Jump to content

scooterspal

Starting out in trials... how to practice the basics?

Recommended Posts

I've just purchased a very decent condition Gas Gas Contact JTR160 trials bike to try and learn the sport on. I've made some feeble attempts to learn with my Honda TRL200 but find the 4-stroke with the engine braking throws me off. I do not have that issue now with this 2 stroke.

I've been a checker at a local event for the last five years so I understand the concept of trials. Watched tons of YouTube videos, too.

My question is, how to begin from scratch?

If you were just starting out, all over again, what would be your plan of attack and how would begin to practice?

Thanks.

bike.jpg

Edited by scooterspal

Share this post


Link to post
Share on other sites
 

You can practice basic skills almost anywhere. Do tight figures-of-eight. Lay out a line of markers as a slalom and keep moving them closer. Put down a small obstacle and practice hopping the front wheel over it. Then add in something before and after so you have to turn tightly onto it and after it.When you go to practice on some proper trials terrain, try to have someone with you. You're more likely to push yourself if there's someone to pick the bike off you when it all goes wrong.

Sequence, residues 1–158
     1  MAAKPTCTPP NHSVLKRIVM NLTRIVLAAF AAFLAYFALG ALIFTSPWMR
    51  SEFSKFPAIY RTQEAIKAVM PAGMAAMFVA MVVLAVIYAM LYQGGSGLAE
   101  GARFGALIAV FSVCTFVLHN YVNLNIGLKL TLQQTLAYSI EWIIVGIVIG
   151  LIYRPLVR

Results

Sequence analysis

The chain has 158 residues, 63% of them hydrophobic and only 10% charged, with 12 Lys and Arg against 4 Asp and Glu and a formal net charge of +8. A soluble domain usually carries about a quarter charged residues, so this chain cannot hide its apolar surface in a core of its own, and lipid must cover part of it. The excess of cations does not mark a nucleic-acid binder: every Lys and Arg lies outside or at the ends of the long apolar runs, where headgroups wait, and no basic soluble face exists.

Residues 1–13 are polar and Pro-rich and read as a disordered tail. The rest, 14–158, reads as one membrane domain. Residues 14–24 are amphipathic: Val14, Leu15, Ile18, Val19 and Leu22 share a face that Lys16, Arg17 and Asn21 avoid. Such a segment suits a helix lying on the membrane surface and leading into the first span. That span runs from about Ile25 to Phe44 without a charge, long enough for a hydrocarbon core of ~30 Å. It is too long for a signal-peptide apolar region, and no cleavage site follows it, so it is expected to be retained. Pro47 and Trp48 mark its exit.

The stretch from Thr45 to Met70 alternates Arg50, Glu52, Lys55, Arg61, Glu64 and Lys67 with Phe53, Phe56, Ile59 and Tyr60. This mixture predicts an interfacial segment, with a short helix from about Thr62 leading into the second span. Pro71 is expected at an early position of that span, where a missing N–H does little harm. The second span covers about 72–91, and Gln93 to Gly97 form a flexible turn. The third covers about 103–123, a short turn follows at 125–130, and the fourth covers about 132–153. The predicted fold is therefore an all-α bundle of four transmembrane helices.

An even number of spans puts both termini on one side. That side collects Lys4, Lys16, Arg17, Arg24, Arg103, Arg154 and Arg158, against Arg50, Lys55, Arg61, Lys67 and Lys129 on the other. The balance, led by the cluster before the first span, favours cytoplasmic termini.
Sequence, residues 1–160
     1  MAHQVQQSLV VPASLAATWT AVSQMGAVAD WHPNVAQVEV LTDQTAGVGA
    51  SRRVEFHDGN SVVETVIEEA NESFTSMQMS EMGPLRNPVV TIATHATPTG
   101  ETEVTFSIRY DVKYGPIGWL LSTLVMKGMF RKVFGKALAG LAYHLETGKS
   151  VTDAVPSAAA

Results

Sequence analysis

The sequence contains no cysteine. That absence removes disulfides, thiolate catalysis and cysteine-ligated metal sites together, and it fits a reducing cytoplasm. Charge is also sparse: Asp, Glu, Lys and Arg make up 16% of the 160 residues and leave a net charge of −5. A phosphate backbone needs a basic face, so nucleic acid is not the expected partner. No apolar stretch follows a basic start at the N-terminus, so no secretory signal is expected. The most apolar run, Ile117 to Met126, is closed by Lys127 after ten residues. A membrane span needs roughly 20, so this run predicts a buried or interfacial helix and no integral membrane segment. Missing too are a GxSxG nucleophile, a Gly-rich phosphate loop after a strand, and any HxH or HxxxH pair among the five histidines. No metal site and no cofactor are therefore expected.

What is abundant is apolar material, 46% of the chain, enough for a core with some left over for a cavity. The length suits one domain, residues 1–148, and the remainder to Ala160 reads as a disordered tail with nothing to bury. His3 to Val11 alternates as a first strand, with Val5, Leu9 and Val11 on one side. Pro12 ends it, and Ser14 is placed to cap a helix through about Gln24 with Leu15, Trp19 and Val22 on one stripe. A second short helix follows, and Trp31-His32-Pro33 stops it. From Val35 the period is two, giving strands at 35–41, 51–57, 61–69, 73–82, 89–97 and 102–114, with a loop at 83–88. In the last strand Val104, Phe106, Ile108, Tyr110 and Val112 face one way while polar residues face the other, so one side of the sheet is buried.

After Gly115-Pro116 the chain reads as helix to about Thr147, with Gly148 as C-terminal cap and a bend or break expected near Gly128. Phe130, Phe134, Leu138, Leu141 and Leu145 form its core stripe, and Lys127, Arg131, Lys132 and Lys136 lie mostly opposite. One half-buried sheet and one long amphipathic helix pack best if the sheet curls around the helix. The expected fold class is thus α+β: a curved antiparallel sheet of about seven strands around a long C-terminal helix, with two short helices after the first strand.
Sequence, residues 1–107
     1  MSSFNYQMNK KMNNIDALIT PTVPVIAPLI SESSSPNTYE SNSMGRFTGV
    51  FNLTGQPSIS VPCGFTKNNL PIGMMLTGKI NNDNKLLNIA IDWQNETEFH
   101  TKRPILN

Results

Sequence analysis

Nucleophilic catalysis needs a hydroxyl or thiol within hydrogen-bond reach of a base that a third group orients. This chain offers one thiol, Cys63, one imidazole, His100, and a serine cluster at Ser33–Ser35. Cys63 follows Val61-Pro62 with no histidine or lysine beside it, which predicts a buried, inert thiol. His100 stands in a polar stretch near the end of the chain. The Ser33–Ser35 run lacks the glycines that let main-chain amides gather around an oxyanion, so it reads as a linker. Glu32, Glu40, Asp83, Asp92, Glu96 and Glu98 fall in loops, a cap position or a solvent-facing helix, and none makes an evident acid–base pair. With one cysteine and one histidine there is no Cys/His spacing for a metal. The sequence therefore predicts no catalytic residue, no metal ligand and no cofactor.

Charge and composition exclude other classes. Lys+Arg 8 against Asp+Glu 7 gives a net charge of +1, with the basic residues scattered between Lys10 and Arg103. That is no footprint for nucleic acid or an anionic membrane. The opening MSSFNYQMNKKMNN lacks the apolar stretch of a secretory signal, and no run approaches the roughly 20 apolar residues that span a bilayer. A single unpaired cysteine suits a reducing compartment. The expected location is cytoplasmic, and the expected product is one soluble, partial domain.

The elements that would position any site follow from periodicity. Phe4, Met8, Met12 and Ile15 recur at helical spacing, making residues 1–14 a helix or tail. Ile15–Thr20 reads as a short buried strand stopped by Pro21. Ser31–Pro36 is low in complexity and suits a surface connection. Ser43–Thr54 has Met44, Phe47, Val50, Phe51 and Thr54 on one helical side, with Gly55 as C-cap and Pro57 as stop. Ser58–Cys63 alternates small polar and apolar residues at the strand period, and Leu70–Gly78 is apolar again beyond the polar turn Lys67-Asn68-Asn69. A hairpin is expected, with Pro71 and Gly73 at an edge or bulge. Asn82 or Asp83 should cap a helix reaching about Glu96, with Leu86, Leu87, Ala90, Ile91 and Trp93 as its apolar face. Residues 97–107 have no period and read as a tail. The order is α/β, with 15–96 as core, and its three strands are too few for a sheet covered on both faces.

• Like 1

Share this post


Link to post
Share on other sites
 

Do as trapezeartist said but practice every move until you can relax your arm and leg muscles doing them.

Guy 

  • Like 1

Share this post


Link to post
Share on other sites
 
 

Initially, nothing beats spending as much time as you can just riding the bike, playing about and learning how the bike reacts to your input.  All the rest comes later.

  • Like 1

Share this post


Link to post
Share on other sites